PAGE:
Razorbacks

Arkansas & Auburn Advance

By Otis Kirk

Special to the Nate Allen Sports Service

FAYETTEVILLE — Arkansas has played well at home this season, but it may need better than that on Tuesday night.

The Razorbacks will host No. 11 Auburn at 6 p.m. in Bud Walton Arena. Auburn (19-2, 6-2) is coming off a big 75-66 win over Kentucky on Saturday. The Hogs have only lost two games in Bud Walton Arena, but one was to Kentucky and the other was the last home game this past Wednesday against South Carolina.

Arkansas head coach Eric Musselman knows the Razorbacks will get a big test from the Tigers.

“Obviously you play a team that’s top 15 in the county, it’s always a great opportunity.” Musselman said Monday. “Playing them at home is a great opportunity. Having said that, they’re ranked 11th for a reason because they’re really, really good. They’re really long. 

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They’re really experienced. When you start looking at their roster, obviously they lost a lot last year off a great team.”

Auburn is coached by Bruce Pearl who, like Musselman, is intense on the sidelines.

“Coach Pearl does a great job,” Musselman said. “He’s intense for an entire 40 minutes and his team kind of takes on his personality. But they’re old, too. I mean, they’ve got some guys that have experience on their roster. Then they have a freshman (Isaac Okoro) that’s just been incredible. Okoro’s done such a great for them. Defensively, he’s a really good defender. He does a great job of getting to the basket off dribble drives. Then they’re an awesome offensive-rebounding team as well.

“And they draw fouls. You look at the 44 free throws, they took against Kentucky, that’s a pretty big number.”

In the loss to South Carolina, Arkansas and the Gamecocks combined for 57 fouls. Musselman knows the team has to avoid fouling that much against a very good Auburn squad.

“I think we just got to be who we are defensively,” Musselman said. “It’s not like we’re going to come out and play a zone. We’re going to have to do what we work on every day and what we’ve been working on since the summer. I don’t believe in having 12 different defenses. I don’t think you can be really good if you try to do 12 different things. Look, people know how we’re going to defend. They know we are going to play man-to-man defense, and we’re going to aggressively guard the 3-point line. We are going to fly around and try to get defensive rebounds. But, I think we don’t want to take away our aggressiveness either.”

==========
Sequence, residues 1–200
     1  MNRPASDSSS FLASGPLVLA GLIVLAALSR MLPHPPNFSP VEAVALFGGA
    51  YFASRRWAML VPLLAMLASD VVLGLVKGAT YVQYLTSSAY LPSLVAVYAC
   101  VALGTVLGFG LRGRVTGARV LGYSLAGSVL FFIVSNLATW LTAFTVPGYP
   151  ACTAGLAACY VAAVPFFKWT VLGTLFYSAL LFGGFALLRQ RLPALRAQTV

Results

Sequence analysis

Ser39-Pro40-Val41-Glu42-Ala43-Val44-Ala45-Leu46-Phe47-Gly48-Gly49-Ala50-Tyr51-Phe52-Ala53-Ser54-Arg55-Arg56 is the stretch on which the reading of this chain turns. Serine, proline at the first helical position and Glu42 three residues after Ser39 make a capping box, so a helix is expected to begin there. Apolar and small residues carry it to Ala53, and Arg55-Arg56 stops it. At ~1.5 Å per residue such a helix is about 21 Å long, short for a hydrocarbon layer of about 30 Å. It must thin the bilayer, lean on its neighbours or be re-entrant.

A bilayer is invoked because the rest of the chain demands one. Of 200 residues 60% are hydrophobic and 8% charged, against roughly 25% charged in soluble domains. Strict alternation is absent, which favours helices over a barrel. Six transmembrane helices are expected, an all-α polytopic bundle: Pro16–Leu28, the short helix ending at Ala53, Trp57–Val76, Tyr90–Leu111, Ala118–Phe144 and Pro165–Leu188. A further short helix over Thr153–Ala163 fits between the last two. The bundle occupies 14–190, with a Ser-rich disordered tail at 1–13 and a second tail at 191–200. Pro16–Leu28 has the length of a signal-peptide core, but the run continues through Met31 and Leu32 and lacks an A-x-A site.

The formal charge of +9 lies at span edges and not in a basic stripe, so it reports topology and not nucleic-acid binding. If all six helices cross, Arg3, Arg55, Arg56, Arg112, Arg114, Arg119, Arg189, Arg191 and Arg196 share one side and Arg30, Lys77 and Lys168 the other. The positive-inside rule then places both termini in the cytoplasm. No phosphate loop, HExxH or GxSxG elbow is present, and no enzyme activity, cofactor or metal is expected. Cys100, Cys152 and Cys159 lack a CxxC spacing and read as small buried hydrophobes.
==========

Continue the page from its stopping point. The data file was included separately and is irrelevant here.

Arkansas’ Mason Jones was named the Co-SEC Player of the Week for the third time on Monday. Jones followed up a 34-point, 12-rebound performance in a loss against South Carolina on Wednesday with a 30-point outing in the Hogs’ come-from-behind 82-78 win at Alabama on Saturday. Musselman talked about what it meant for Jones to accomplish something no one else in SEC has done this season.

“I think it’s awesome,” Musselman said. “He’s had such a great year. It really started this summer. When I think about him at 6 in morning getting shots up. The whole team didn’t get up and shoot at 6 in the morning. He was a guy that was very consistent in his approach and I think all his hard work is why he has had such a high jump from where he was last year.

“The versatility that he’s added to his game. Not just a spot-up shooter, but his ability to create off the dribble. His ability to be a point forward now. He plays point guard as the game kinda goes on each night. He starts off at the four and then morphs into our point guard. It’s awesome when a guy works hard and then his game elevates which is what’s happened with Mason.”

Sophomore guard Isaiah Joe is battling a knee injury that prevented him from playing against TCU and limited in the other games since then though he has played. Musselman addressed Joe’s status for Tuesday.

“He’s going to be day-to-day probably for two to three weeks,” Musselman said. “That’s what it’s going to be. He’ll be day-to-day, and if he’s able to play, whenever that is over the next two weeks, great. If he’s not able to play, we just need people to step up like they did against TCU.